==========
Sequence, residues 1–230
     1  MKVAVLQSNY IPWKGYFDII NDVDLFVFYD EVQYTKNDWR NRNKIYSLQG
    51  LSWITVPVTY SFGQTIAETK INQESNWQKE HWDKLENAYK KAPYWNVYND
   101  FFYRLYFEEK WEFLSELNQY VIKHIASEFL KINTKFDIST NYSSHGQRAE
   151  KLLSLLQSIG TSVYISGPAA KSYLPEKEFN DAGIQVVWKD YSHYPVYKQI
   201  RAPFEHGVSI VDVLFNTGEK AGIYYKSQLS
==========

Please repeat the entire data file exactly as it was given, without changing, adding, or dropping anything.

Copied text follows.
Sequence, residues 1–230
     1  MKVAVLQSNY IPWKGYFDII NDVDLFVFYD EVQYTKNDWR NRNKIYSLQG
    51  LSWITVPVTY SFGQTIAETK INQESNWQKE HWDKLENAYK KAPYWNVYND
   101  FFYRLYFEEK WEFLSELNQY VIKHIASEFL KINTKFDIST NYSSHGQRAE
   151  KLLSLLQSIG TSVYISGPAA KSYLPEKEFN DAGIQVVWKD YSHYPVYKQI
   201  RAPFEHGVSI VDVLFNTGEK AGIYYKSQLS